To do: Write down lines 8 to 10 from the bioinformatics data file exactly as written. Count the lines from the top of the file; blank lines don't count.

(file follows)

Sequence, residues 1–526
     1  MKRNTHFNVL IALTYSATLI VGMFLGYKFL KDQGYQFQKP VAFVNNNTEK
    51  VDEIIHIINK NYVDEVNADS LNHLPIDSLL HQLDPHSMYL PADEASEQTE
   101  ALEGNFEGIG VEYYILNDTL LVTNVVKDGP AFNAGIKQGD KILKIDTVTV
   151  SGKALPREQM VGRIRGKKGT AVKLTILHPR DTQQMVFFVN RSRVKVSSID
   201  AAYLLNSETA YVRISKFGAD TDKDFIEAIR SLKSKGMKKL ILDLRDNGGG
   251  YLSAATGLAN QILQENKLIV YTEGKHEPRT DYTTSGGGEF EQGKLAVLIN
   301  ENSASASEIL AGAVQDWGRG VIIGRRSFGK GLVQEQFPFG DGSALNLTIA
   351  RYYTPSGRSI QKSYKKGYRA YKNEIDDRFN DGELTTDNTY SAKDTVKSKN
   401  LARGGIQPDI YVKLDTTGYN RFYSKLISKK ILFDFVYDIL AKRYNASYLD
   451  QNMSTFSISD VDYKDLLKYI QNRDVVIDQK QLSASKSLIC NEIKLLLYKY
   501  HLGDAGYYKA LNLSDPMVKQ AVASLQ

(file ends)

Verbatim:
   301  ENSASASEIL AGAVQDWGRG VIIGRRSFGK GLVQEQFPFG DGSALNLTIA
   351  RYYTPSGRSI QKSYKKGYRA YKNEIDDRFN DGELTTDNTY SAKDTVKSKN
   401  LARGGIQPDI YVKLDTTGYN RFYSKLISKK ILFDFVYDIL AKRYNASYLD